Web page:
Getting back on topic of data migration, as an executive of a leasing asset finance business you will know that your business is supported by more than one system. In most data migration projects we find ourselves faced with a myriad of different systems, or I should say more accurately data sources, in which the mix of data to be transferred resides. It is not unusual for business critical data to be stored around the organization in separate desktop databases, spreadsheets and sometimes in flat text files. Accuracy, visibility, control and security issues immediately are brought home to the business, so inevitably these additional data sources need to be included in the data migration.
The next important part of the analysis phase involves getting acquainted with the actual data you plan to migrate. Remember, at this point of the project, you have only the minimum of information on which you are developing the data migration plan. To get a better sense of the task it is important to get some visibility as to the quality and quantity of the data to be migrated. Obtaining an extract of data gives a good guide as the extent of likely data cleansing and the quantity of data.
So far we have not considered what the options might be for actually migrating the data. In the case of an OLAP data migration, and particularly where there is a need for regular data refreshes, in for example refreshing the content in a data warehouse, there is little option but to follow an automated migration strategy. However, in the case of an OLTP migration, which is typically a one- time exercise the option of a manual approach might be worth considering. Generally the quantity of data would be the guiding indicator. In our industry a data transfer of more than 1,000 agreements points towards an automated transfer, with perhaps a small number of anomalies being handled manually. Less than 1,000 it is typically a risk cost assessment and as a result you may find that the overall cost of electronic migration is prohibitive relative to the quantity of data that needs to be transferred.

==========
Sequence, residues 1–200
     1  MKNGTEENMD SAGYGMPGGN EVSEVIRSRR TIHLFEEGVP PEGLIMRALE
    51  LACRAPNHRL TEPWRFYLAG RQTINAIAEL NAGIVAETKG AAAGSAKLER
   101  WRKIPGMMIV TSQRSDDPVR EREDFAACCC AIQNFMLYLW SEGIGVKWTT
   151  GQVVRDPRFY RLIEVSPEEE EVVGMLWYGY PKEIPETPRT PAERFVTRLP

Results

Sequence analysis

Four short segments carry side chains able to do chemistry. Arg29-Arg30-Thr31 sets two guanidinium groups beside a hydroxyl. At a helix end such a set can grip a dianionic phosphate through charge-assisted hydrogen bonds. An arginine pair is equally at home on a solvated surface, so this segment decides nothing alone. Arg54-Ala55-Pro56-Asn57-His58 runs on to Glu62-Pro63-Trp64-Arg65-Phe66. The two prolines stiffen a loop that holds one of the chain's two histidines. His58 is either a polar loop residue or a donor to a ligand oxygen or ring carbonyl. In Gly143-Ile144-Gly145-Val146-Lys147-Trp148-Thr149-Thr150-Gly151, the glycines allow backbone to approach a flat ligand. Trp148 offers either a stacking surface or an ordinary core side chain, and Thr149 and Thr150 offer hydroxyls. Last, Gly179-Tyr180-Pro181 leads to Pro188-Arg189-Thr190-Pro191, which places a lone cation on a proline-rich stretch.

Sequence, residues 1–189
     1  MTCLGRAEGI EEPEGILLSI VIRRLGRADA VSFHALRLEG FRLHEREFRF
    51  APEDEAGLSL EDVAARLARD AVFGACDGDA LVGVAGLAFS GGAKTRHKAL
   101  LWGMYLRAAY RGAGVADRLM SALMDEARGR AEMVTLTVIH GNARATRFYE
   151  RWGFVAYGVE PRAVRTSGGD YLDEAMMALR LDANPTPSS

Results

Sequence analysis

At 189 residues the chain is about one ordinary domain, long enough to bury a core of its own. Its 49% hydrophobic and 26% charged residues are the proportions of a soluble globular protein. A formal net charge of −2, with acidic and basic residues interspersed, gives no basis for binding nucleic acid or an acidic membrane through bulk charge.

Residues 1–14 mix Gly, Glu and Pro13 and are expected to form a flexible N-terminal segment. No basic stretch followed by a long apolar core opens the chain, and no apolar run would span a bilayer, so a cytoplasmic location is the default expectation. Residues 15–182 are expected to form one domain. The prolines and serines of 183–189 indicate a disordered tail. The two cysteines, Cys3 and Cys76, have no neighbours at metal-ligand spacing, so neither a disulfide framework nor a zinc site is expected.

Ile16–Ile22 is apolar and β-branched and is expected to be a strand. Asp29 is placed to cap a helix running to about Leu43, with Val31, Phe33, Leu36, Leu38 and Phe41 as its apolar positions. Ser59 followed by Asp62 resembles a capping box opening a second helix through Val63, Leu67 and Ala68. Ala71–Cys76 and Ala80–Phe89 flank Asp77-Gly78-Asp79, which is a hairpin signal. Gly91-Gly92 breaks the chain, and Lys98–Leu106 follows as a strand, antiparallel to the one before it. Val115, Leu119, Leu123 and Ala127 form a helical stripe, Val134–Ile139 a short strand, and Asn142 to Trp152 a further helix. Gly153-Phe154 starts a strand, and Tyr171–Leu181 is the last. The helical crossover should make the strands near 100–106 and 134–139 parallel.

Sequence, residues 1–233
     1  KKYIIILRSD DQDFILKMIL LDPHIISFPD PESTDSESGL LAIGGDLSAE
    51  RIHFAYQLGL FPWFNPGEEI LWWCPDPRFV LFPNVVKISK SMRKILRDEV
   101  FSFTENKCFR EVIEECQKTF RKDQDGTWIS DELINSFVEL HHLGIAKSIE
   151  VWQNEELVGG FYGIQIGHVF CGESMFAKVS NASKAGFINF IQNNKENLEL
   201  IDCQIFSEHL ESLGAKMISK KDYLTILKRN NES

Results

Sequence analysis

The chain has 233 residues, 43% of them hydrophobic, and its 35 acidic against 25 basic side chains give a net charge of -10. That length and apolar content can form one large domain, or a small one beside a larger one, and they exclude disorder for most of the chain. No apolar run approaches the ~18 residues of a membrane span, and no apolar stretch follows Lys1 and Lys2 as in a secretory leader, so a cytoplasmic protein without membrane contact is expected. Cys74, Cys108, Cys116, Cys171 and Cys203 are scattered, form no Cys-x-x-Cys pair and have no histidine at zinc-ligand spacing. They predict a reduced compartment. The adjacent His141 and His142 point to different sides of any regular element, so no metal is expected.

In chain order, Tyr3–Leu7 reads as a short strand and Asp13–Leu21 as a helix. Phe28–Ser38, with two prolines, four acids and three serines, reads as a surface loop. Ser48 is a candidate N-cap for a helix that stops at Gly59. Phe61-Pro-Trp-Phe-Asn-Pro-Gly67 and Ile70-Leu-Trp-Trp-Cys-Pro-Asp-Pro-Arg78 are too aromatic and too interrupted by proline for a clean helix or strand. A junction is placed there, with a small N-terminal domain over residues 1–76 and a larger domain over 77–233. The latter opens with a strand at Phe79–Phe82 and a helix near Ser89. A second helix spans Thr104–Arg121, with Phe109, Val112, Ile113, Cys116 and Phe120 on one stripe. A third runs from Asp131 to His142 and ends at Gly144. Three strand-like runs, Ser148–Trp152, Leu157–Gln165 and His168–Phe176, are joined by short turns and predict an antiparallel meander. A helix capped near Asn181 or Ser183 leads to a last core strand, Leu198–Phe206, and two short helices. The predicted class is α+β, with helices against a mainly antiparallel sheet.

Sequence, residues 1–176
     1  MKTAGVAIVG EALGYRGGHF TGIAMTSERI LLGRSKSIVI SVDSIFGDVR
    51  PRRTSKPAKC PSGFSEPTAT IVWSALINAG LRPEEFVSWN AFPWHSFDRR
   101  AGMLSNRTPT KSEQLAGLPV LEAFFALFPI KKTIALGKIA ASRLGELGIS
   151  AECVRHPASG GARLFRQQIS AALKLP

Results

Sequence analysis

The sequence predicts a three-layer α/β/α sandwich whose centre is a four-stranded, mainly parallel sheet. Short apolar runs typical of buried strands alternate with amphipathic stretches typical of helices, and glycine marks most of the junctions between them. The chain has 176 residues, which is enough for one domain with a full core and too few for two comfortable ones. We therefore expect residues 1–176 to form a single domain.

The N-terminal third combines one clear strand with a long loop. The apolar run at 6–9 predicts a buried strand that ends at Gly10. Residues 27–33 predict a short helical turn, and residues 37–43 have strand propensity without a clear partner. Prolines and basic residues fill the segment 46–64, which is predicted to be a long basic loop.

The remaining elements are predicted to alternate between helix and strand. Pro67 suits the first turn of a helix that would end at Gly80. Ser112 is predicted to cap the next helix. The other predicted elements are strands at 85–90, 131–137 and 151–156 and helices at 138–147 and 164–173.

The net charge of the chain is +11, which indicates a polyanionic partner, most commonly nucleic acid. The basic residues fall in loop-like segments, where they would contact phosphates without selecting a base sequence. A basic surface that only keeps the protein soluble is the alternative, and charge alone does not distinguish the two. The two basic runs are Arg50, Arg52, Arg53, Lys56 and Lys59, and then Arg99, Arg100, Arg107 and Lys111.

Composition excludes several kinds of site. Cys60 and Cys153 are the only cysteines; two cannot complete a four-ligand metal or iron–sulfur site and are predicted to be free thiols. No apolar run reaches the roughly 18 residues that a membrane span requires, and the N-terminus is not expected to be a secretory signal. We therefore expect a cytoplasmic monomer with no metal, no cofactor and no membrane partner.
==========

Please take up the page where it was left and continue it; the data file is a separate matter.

A further piece of advice that is worthy of note is to consider phasing the migration project. Large volume data migrations can take several months to complete and therefore carry a significant cost. This often leads to anxiety and risk pressures building up, as well the ongoing expense for seemingly no visible result. A suggestion to overcome this would be to consider building your data migration plan based on a number of smaller discreet transfers. This would demonstrate progress, justify cost and hugely de-risk the "all-in-one" transfer approach. You may also find this significantly relieves the anxiety that your CIO feels!.
2. Data Mapping
After you have decided upon the legacy data sources, the next step is to define what data needs to be migrated; then those data elements are mapped into the fields of the new system. This involves going through the list of data elements from each and every data source, and deciding whether to migrate and compare to those in the new system.
During this exercise a further extract sample of the data will be necessary to help explain any terminology anomalies. As an outcome of this exercise you will be able to determine the extent to which the data is missing or needs to be cleansed.
The mapping phase is not intended to thoroughly identify the transformation rules by which historical data will be migrated to the new system; rather, it is essentially the act of making a checklist of the data elements that must be migrated.